William Terriss (20 February 1847 – 16 December 1897), born as William Charles James Lewin, was an English actor, known for his swashbuckling hero roles, such as Robin Hood, as well as parts in classic dramas and comedies. He was also a notable Shakespearean performer. He was the father of the Edwardian musical comedy star Ellaline Terriss and the film director Tom Terriss.
Athletic as a child, Terriss briefly joined the merchant navy and tried several professions abroad and at home. Adopting the stage name William Terriss, he made his first stage appearance in 1868 and was first in the West End in Tom Robertson's Society in 1871. In the same year, he had major successes in Robin Hood and Rebecca and quickly established himself as one of Britain's most popular actors. In 1880, he joined Henry Irving's company at the Lyceum Theatre, appearing in Shakespeare plays.
In 1885, he met 24-year-old Jessie Millward, with whom he starred in The Harbour Lights by G. R. Sims and Henry Pettitt. They toured Britain and America together. Terriss played the hero parts in Adelphi melodramas from the late 1880s, among other roles. In 1897, he was stabbed to death by a deranged actor, Richard Archer Prince, at the stage door of the Adelphi Theatre, where he was appearing. Terriss's ghost is supposed to haunt Covent Garden tube station and the Adelphi Theatre.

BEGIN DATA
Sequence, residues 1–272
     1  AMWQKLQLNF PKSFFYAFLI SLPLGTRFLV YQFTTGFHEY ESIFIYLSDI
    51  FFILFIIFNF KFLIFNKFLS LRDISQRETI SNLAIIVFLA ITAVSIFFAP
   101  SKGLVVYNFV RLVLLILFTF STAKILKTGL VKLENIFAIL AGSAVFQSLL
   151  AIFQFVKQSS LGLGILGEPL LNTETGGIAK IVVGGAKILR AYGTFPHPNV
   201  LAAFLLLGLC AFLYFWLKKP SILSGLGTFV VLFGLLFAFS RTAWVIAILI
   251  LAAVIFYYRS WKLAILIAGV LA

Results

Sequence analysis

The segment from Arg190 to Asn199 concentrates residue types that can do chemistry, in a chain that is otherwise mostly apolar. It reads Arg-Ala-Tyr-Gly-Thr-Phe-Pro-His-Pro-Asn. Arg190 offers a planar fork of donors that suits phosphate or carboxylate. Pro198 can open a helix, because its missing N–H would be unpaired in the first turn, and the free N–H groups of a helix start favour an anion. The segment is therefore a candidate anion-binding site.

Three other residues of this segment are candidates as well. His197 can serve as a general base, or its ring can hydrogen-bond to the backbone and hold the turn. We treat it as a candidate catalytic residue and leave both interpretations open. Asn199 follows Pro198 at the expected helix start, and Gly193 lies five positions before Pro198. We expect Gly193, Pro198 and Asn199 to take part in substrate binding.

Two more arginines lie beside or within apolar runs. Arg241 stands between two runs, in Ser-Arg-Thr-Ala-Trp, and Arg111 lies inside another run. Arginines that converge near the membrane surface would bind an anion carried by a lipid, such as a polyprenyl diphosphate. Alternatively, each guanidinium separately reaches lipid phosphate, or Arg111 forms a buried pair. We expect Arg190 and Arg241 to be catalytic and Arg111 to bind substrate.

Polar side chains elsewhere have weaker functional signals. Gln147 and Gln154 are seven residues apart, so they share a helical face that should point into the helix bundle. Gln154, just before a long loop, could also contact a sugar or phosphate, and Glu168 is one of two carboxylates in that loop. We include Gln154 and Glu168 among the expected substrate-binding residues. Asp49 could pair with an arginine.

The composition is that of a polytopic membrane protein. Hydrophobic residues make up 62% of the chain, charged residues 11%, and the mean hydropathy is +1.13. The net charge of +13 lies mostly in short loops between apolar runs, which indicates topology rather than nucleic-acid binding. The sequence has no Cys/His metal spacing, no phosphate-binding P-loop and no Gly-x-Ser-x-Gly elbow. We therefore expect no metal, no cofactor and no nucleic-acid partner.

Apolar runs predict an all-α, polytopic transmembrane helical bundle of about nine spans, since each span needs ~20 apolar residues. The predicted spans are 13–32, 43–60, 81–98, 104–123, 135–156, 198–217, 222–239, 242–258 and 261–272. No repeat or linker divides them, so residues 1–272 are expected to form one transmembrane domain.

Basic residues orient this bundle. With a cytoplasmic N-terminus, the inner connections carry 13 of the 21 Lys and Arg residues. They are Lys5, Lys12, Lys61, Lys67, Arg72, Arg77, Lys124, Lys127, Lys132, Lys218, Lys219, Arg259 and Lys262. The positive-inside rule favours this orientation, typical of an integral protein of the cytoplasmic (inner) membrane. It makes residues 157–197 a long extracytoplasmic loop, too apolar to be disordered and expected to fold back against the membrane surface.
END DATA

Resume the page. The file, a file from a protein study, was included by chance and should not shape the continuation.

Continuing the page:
Life and early career
Terriss was third and youngest son of George Herbert Lewin, a barrister, and his wife Mary née Friend. His birth name was William Charles James Lewin. He was born in London and educated at Christ's Hospital and Bruce Castle School, Tottenham, where he was a friend of J. Comyns Carr and Frederick Selous. Carr later wrote of Terriss's school days that "if he gained but little learning, he at any rate acquired a perfect mastery in the art of tree-climbing". Terriss then studied at Windermere College and Jesus College, Oxford, without taking a degree. He loved the adventurous, outdoor life. He married Isabel Lewis (stage name Amy Fellowes) in 1870 and had a daughter, Ellaline, who became a well known actress in Edwardian musical comedy, often appearing with her husband, the actor-manager Seymour Hicks. He also had a son, Tom, who became an actor and then a well known film director. His aunt and uncle were the writer Harriet Lewin and the historian George Grote.